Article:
Carlson (Miami Univ., Ohio) and Apple (Univ. of Wisconsin, Madison) have produced a compendium on power relationships in education. The text is organized into three sections that examine the current state of educational reform, "identity politics" in education, and the power discourses that are encoded in school curricula and practices. Contributing authors probe the question "what is public education in a postindustrial and postmodern era in which a unified conception of 'public' may be neither possible nor desirable?" They are especially concerned with the social significance of the dominance of particular interest groups. Initially, the text examines current education reform from an ideological standpoint. It analyzes the effects of political, technological, and cultural forces impinging on an educational system where serving the nation has come to mean serving the needs of the economy. Identity politics are presented in a scenario that pits progressive social movements against the politics of the right and explains why current constructions of identity serve to legitimatize social inequality. In the final section authors explore the ways in which power informs all pedagogies; they urge the reader to consider pedagogy as both a form of resistance and as progressive political action. Graduate students; faculty; researchers; practitioners. R. J. Reynolds; Eastern Connecticut State University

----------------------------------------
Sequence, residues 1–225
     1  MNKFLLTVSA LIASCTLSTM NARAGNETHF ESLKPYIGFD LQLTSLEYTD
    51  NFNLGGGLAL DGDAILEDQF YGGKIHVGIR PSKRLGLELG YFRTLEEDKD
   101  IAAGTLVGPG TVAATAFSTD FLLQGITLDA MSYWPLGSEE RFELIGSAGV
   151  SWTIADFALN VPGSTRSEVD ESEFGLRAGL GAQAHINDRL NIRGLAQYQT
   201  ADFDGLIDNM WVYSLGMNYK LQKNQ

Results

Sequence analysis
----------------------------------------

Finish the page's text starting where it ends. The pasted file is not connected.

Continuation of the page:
Table of Contents

Series Editors' Prefacep. vii
1 Introduction: Critical Educational Theory in Unsettling Timesp. 1
Referencesp. 35
Part 1 State Educational Policy and Curriculum Reform in Unsettling Timesp. 39
2 Education in Unsettling Times: Public Intellectuals and the Promise of Cultural Studiesp. 41
Conclusionp. 57
3 Pulp Fictions? Education, Markets, and the Information Superhighwayp. 61
Notesp. 88
Conclusionp. 88
4 Citizens or Consumers? Continuity and Change in Contemporary Education Policyp. 92
Conclusionsp. 106
Notesp. 107
Referencesp. 107
Respondent: """"Distressed Worlds""""-- Social Injustice Through Educational Transformationsp. 110
Conclusionsp. 118
Referencesp. 119
Part 2 Education, Identity, and the Otherp. 121
5 Becoming Right: Education and the Formation of Conservative Movementsp. 123
Conclusionp. 141
Notesp. 145
6 On Shaky Grounds: Constructing White Working-Class Masculinities in the Late Twentieth Centuryp. 149
Conclusionsp. 170
Notesp. 172
Referencesp. 173
7 Self and Education: Reversals and Cyclesp. 174
Conclusionp. 187
Notesp. 188
Referencesp. 188
Respondent: Self Education-- Identity, Self, and the New Politics of Educationp. 191
Part 3 Reading Curriculum Textsp. 201
8 Danger in the Safety Zone: Notes on Race, Resentment, and the Discourse of Crime, Violence, and Suburban Securityp. 203
Conclusionp. 219
Notesp. 222
Referencesp. 223
9 Fiction, Fantasy, and Femininities: Popular Texts and Young Women's Literaciesp. 226
Notesp. 240
Referencesp. 241
10 Image is Nothing: Struggling to Unsettle Basal Readers and Morep. 244
Respondent: Loose Change-- the Production of Textsp. 264
Part 4 Pedagogy and Empowermentp. 269
11 On the Limits to Empowerment Through Critical and Feminist Pedagogiesp. 271
Conclusionp. 285
Referencesp. 286
Notesp. 286
12 Who Will Survive America? Pedagogy as Cultural Preservationp. 289
Epiloguep. 300
Notesp. 301
Referencesp. 302
13 Global Politics and Local Antagonisms: Research and Practice as Dissent and Possibilityp. 305
Notesp. 330
Referencesp. 331
Respondent: Pedagogy for an Oppositional Communityp. 334
About the Editors and Contributorsp. 341
Indexp. 343